Video: As much of a step up as the 1998 non-anamorphic DVD was over every release before it, Streets of Fire has always looked murky and excessively dark on home video. The new transfer on this 1.85:1 HD DVD is the best Streets of Fire has looked since it bowed out of theaters more than twenty years ago, even if the film's underlit, gritty visual style doesn't exactly make for high-definition eye candy.
Streets of Fire doesn't instantly impress in quite the same way as Paramount's sterling reissue of Walter Hill's other cult classic, The Warriors. The bulk of the movie was shot in low light, resulting in an image that's often flat and grainy. The visuals are dark and dank by design, but some hues -- candy-colored neon lights, some of the borderline-flourescent '80s duds, and...y'know, the fiery streets -- are vividly saturated. There is some sporadic softness, and the presence of fine detail can be somewhat uneven. Crispness and clarity vary depending on how close the camera is and how much light is bathing the set at any given time. Some of the more eye-catching moments include the neon-reflecting puddle that opens the movie, the fine patterns in Rick Moranis' dweeby suit, some of the more ominous closeups of Willem Dafoe, and when Diane Lane is caught in the spotlight in her character's performance of "Nowhere Fast".
The transfer itself is solid, and the handful of tiny flecks of dust are easily shrugged off. Along with snippets of a music video in the middle of the movie, a few other shots have kind of a processed, video-like appearance rather than the natural warmth of film, although this isn't a constant problem. Still, even if this isn't the most visually arresting HD DVD, it's a solid presentation of Streets of Fire, and fans of the movie should be deeply impressed.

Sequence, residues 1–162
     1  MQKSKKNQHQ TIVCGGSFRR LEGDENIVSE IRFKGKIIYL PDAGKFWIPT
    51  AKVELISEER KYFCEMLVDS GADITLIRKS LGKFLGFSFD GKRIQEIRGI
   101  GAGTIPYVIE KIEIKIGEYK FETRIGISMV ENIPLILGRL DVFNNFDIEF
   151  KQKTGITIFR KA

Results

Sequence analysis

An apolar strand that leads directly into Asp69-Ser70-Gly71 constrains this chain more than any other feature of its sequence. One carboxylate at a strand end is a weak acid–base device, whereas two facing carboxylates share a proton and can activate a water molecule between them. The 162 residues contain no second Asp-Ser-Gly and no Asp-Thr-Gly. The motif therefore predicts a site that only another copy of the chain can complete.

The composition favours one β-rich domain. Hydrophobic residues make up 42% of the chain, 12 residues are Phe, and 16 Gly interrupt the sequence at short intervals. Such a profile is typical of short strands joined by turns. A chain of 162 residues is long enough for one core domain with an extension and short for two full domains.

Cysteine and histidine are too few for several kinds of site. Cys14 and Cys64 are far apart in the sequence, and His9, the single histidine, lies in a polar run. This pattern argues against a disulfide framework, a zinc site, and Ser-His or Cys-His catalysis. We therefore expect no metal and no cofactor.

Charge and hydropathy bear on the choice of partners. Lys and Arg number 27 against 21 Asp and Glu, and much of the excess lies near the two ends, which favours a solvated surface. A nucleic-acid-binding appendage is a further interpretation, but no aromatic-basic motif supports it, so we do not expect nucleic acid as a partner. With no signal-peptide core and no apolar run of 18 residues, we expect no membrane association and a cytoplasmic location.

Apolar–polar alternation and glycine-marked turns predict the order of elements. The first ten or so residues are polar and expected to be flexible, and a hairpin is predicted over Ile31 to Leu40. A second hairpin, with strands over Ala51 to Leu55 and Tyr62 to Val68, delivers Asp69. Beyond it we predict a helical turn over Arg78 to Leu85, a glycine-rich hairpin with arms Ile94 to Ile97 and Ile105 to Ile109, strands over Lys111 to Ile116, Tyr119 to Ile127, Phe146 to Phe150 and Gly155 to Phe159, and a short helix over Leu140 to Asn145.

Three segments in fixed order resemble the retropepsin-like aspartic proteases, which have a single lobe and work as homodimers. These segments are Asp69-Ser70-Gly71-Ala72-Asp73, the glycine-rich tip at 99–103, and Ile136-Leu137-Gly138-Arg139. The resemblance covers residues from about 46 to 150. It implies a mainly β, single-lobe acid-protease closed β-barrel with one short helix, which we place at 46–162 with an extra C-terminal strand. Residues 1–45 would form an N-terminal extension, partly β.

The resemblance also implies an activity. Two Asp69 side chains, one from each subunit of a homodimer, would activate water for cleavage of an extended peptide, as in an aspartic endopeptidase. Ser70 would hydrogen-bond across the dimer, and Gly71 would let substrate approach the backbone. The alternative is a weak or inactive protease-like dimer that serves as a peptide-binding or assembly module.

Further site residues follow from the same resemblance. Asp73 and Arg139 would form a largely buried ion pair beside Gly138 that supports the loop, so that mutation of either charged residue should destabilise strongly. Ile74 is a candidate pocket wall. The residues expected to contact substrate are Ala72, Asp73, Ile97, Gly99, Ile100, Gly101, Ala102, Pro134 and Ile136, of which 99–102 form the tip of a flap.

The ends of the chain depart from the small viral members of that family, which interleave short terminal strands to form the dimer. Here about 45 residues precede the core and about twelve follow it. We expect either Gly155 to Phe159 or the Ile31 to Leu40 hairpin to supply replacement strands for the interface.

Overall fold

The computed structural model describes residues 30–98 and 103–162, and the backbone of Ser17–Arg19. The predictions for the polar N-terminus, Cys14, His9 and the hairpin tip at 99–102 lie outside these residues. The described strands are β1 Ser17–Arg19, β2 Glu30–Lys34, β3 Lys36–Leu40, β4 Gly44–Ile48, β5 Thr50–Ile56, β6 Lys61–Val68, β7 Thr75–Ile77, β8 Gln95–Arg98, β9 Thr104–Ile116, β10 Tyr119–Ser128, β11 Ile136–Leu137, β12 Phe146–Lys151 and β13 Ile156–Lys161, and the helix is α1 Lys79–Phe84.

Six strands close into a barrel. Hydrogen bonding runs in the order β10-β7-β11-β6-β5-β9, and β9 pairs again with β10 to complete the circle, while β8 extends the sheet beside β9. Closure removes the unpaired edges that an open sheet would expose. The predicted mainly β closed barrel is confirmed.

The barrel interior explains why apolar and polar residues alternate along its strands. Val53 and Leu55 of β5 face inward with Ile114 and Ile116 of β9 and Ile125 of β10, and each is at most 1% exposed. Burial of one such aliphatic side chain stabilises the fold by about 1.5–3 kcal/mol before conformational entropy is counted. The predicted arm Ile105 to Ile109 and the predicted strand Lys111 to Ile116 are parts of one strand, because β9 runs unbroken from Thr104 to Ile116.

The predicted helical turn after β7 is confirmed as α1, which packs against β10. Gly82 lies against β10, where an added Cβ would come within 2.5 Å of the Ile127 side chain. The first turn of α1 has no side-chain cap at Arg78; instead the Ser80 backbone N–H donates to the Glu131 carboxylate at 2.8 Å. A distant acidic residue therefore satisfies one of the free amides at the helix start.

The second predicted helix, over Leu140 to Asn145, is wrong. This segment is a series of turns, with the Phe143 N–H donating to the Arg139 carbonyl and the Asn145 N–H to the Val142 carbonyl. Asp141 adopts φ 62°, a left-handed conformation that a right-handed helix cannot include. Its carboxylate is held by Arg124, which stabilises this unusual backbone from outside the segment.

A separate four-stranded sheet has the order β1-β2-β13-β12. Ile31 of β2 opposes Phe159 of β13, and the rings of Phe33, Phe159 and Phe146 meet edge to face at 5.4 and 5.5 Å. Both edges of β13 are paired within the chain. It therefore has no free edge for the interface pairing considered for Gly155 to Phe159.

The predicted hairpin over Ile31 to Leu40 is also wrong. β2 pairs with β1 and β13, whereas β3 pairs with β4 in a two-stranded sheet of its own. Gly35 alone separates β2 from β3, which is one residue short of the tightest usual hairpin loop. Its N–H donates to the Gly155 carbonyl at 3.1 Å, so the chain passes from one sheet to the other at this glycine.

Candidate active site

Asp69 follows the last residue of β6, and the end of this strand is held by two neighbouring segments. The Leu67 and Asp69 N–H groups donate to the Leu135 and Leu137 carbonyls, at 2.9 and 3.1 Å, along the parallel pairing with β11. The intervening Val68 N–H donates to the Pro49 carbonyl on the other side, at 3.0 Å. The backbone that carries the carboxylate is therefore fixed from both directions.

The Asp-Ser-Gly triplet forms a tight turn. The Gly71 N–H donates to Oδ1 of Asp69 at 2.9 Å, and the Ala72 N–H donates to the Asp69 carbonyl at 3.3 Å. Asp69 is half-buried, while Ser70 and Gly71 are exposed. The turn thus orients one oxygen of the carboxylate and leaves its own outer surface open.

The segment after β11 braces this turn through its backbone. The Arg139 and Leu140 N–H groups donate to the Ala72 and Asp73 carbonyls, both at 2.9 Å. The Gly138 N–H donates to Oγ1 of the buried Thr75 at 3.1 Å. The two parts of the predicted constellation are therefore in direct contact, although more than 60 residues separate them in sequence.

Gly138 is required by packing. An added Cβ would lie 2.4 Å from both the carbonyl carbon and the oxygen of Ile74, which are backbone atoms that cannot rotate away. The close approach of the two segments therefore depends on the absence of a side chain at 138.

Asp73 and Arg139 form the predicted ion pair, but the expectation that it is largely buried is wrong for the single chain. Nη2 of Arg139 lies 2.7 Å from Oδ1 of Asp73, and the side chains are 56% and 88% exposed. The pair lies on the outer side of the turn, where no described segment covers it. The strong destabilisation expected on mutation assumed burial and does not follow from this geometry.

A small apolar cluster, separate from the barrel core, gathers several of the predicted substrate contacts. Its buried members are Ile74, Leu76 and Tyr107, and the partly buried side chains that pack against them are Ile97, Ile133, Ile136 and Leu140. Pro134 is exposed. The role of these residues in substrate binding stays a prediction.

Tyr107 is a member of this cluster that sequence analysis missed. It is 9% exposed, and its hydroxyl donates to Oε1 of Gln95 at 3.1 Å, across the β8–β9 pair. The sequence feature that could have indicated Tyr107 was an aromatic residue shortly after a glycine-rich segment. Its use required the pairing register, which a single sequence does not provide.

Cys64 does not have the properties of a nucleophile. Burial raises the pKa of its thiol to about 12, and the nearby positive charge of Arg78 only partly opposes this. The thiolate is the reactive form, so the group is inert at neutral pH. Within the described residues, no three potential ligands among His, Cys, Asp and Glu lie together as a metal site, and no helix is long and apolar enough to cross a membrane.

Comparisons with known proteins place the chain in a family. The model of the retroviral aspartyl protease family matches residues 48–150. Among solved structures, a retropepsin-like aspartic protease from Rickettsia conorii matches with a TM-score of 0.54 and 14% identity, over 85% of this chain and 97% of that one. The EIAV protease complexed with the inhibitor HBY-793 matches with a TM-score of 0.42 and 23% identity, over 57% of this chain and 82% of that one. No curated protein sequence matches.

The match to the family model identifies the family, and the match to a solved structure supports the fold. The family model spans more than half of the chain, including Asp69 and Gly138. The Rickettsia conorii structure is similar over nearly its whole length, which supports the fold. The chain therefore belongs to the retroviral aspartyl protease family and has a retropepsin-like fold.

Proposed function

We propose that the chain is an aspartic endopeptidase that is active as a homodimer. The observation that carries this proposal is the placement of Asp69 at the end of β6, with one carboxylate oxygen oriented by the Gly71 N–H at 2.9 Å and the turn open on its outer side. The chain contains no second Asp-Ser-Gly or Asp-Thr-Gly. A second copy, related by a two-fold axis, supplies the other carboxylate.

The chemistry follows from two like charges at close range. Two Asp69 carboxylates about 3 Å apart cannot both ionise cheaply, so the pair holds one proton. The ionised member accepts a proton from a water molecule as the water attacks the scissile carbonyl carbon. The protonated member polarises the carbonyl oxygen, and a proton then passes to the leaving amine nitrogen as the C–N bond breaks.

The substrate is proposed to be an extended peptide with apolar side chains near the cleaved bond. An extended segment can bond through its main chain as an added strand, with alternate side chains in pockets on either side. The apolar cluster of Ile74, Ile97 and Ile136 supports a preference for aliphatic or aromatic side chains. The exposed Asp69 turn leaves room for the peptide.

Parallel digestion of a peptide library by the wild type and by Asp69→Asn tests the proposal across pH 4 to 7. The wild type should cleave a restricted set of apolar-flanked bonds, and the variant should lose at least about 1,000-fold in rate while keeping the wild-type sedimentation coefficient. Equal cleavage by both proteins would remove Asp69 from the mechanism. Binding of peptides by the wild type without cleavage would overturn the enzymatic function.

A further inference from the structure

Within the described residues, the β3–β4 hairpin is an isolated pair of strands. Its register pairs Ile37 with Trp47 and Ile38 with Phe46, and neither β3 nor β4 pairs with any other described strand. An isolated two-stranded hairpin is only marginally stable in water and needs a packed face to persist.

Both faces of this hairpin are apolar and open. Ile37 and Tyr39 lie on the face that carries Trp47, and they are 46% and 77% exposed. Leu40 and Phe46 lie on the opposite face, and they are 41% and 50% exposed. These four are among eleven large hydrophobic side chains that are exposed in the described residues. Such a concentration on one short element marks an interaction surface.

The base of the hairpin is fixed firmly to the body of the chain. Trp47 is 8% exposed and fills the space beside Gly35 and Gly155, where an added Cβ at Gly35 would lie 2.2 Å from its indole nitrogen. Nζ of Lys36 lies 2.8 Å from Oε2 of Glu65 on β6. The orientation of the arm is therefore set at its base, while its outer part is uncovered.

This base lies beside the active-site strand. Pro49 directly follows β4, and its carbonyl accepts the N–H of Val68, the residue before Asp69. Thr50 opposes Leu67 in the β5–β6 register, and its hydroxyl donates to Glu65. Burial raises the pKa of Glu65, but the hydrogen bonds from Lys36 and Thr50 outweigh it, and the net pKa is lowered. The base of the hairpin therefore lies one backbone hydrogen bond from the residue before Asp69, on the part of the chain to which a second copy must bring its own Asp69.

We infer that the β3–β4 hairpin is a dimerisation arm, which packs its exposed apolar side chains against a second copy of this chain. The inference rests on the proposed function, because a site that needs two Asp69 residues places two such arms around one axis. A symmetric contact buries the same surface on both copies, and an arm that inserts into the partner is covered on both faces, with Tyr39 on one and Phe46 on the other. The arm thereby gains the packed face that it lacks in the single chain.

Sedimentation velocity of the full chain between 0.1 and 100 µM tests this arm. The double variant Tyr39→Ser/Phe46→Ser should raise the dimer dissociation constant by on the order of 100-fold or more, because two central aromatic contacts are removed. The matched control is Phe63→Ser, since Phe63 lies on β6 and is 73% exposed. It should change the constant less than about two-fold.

Because of the short length of the movie and the complete lack of extras, Streets of Fire fits comfortably on a single-layer HD DVD.
Audio: The Dolby Digital Plus 5.1 remix can't quite shake the age of the original elements but sounds surprisingly robust. The subwoofer is frequently rumbling, even if the bass isn't thick or resonant, and the mix does a commendable job filling every speaker with sound. The surrounds aren't constantly chattering with activity in this front-weighted mix, but imaging is strong when the rear speakers do kick in, from the wheeze of steam valves to the clatter of the subway to the roar of the Bombers' bikes from channel to channel as they careen across the screen. The film's dialogue sounds dated and slightly muffled, resulting in some occasional clipping, but it's never overwhelmed in the mix. Not perfect but definitely better than expected
A 2.0 French dub has also been included alongside subtitles in English and French.
Extras: Nothing. Walter Hill made it clear on Paramount's release of The Warriors that he'd just as soon let his movies speak for themselves, so the complete and total lack of extras here isn't surprising.
Conclusion: Walter Hill's ham-fisted rock and roll fable is probably too campy for most tastes -- if you haven't seen the movie before, you might want to give it a rental first -- but the cult following that Streets of Fire has earned over the past twenty years should find this HD DVD to be well worth the modest asking price. It's not something to yank off shelf to show off your home theater, no, but the disc offers a strong high definition presentation of a movie that's always looked dismal on home video, and the multichannel remix is much more effective than I went in expecting. An unconventional but appreciated selection from Universal's back catalog. Recommended.